April Featured Photos on Cold Climate Gardening

– Posted in: What's up/blooming

I enjoy displaying seasonal photos in the sidebar on my website and have been doing so for a couple of years now. It frustrated me that I couldn’t easily caption them or credit the photographer. I finally decided I would do a post every month highlighting these photos. So, here we go:

Photo by Cadence Purdy. Taken April 18,2006 at the old house.

Photo by Cadence Purdy. Taken in April 2006 at the old house.

These daffodils are descendants of those originally found on our property. One of the first things I did as a gardener there was dig up and divide the clumps of daffodils that were no longer blooming.
tracery of bare tree branches

Photo by Justin Purdy, April 23, 2008.

Even in late April, the trees have often not leafed out.
double bloodroot, Sanguinaria canadensis 'Multiplex'

Double bloodroot, Sanguinaria canadensis ‘Multiplex’. Photo by Kathy Purdy, April 25, 2008

This bloodroot grew so well for me at the old house that I divided it up and used it as a ground cover under a shrub.
cornelian cherry blossoms

Photo by Kathy Purdy, taken April 17, 2006 at the old house.

Cornelian cherry (Cornus mas) blooms earlier than forsythia but takes longer to get really showy. Some cultivars are bred to be more floriferous and some are bred to have larger fruit, for the fruit is edible.
bare branches dripping with condensed fog

Photo by Cadence Purdy

Weather can be very moody during mud season. Advection fog occurs when warm air moves over the snow pack. You can see the fog condensing on the bare tree branches and dripping off.
crocuses blooming on a slope

Crocuses on the Crocus Bank at the old house.

Read the story of the Crocus Bank.
hellebores and daffodils

Plum colored hellebores and passalong daffodils in the Juneberry bed at the old house. Photo by Kathy Purdy

The daffodils were growing on my neighbor’s property when she moved in. I dug them up for her and we divided them between us. The hellebore was an unnamed seedling from Seneca Hill Perennials.
purple flowered hellebores

This plum colored hellebore came from Seneca Hill Perennials as an unnamed seedling. Photo by Kathy Purdy

Siberian squills

Siberian squills look lovely against a low stone wall. Photo by Arlan Purdy April 2002

roosting chickens

Chickens roosting for the night.

We have raised chickens for over twenty years. We let them out of their yard to scratch because the grass isn’t green yet and they have cabin fever, too. Or should I say coop fever?
Siberian squills

Lovely Siberian squills

These self-sow along the stone wall. Did you notice they have blue anthers?
spring hillside

Spring truly begins with the greening of the grass.

The grass doesn’t turn green until the soil has thawed.
spring trees

I just love this photo.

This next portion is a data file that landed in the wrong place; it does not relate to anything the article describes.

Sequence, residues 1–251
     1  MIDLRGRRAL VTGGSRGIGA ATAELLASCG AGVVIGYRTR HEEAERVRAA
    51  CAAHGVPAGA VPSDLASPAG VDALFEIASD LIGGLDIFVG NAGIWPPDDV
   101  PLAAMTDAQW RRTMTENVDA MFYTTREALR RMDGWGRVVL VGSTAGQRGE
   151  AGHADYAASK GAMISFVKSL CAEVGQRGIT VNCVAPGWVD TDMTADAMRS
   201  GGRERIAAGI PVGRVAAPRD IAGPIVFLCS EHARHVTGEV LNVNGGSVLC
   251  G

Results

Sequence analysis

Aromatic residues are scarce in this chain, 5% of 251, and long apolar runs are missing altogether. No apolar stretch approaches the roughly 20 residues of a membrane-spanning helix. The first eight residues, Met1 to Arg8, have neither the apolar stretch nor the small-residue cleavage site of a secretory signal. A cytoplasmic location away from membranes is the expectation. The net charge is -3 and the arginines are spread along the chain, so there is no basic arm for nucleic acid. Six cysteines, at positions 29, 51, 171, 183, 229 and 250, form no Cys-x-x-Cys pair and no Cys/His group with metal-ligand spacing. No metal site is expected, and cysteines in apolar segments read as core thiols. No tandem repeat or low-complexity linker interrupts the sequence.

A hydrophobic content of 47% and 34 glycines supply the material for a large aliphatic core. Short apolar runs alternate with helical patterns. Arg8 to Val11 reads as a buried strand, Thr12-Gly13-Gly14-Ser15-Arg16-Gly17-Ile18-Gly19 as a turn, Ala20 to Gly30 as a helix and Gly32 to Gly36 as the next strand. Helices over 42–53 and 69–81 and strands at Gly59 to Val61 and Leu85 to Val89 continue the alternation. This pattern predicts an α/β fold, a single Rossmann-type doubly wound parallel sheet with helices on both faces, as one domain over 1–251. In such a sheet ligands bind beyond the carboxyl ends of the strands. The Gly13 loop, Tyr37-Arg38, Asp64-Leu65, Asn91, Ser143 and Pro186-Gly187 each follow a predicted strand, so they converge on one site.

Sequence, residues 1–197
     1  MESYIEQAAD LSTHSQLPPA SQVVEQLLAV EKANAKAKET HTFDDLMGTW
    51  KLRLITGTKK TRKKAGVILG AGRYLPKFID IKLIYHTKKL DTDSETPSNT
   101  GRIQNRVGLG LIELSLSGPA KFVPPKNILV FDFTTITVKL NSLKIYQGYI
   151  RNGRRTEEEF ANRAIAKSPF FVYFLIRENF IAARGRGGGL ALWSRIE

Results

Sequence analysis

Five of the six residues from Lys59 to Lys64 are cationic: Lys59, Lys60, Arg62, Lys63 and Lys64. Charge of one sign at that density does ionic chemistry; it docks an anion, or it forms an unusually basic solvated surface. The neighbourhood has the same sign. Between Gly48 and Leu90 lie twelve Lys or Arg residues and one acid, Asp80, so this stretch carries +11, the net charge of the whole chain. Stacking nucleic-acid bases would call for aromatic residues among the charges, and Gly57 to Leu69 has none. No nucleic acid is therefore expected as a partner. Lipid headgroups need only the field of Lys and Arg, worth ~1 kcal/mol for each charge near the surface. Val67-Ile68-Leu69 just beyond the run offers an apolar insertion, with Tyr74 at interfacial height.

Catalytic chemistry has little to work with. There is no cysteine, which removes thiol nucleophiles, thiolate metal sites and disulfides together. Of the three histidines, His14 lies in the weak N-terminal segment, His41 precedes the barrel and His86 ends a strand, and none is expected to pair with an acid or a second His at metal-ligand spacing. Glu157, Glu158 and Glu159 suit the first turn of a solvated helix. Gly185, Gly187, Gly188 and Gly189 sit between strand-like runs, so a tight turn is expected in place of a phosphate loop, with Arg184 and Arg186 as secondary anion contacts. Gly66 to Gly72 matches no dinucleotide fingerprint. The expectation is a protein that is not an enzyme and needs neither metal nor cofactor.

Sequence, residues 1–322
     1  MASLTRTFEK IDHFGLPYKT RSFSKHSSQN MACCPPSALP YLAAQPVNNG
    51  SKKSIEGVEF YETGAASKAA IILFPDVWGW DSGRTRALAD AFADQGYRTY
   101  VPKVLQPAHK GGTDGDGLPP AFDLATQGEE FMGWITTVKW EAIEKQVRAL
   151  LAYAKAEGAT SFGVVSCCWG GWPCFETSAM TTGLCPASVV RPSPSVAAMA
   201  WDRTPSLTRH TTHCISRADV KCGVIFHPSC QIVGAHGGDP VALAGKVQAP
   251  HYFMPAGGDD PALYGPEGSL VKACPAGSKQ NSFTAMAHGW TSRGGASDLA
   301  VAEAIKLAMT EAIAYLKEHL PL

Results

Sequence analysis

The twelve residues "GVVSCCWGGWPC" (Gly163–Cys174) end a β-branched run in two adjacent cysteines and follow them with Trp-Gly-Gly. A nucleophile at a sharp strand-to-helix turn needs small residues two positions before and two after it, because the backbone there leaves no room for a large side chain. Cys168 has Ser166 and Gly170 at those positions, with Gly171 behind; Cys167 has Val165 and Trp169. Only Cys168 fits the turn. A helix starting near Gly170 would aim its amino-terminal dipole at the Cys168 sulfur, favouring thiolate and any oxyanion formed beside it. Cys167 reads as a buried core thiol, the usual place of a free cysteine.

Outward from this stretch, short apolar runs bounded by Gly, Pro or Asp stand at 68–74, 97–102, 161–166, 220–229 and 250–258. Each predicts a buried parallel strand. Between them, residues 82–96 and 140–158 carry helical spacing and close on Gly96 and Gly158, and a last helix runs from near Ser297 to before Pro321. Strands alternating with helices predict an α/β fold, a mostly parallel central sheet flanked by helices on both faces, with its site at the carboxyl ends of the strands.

Crocus vernus 'Striped Beauty'

Crocus vernus ‘Striped Beauty’

Puschkinia scilloides, the striped squill

Puschkinia scilloides, the striped squill

Erythronium americanum, trout lily

Erythronium americanum, trout lily or dogtooth violet

Violet, possibly Viola sororia

Violet, possibly Viola sororia

About the Author

Kathy Purdy is a colchicum evangelist, converting unsuspecting gardeners into colchicophiles. She would be delighted to speak to your group about colchicums or other gardening topics. Kathy’s been writing since 4th grade, gardening since high school, and blogging since 2002.

In its own way, frost may be one of the most beautiful things to happen in your garden all year . . . Don’t miss it. Like all true beauty, it is fleeting. It will grace your garden for but a short while this morning. . . . For this moment, embrace frost as the beautiful gift that it is.

~Philip Harnden in A Gardener’s Guide to Frost: Outwit the Weather and Extend the Spring and Fall Seasons

Comments on this entry are closed.

Donna@Gardens Eye View April 4, 2013, 8:48 pm

Looking forward to seeing so many of these blooms soon as spring has come.

Joanne Toft April 4, 2013, 8:02 pm

Love te double bloodroot! I have not seen that before. I will have to go looking for it this year!

Jason April 4, 2013, 7:42 pm

So many beautiful photos. I especially love the crocus bank and the cornelian cherry, a shrub I wish I had. Spicebush is another nice alternative to forsythia, though much more understated.

Kathy Purdy April 4, 2013, 8:32 pm

If spicebush is Lindera benzoin, I just planted one last year. I’m looking forward to seeing it bloom this year!

Donalyn April 4, 2013, 8:26 am

I also really admire the double bloodroot – we have a lot of wild ones growing here and there in the woods, but they are all single. You photos are making me homesick for spring, which apparently has business elsewhere this year…

Carolyn April 4, 2013, 6:27 am

Love your long shot images, Kathy. And I do enjoy the transition from Winter to Spring as the grass begins to green.

Frances April 4, 2013, 4:55 am

Such wonderful shots, Kathy. Kudos to all of the photographers. I love seeing your spring blooms and hearing their history.

Charlie@Seattle Trekker April 4, 2013, 12:03 am

Love your spring photos, especially the double bloodroot. It is really beautiful.

vwgarden April 3, 2013, 11:15 pm

Ooooh, love that double bloodroot! I’ll have to put that on my wish list. The other photos are lovely as well. Enjoy your spring!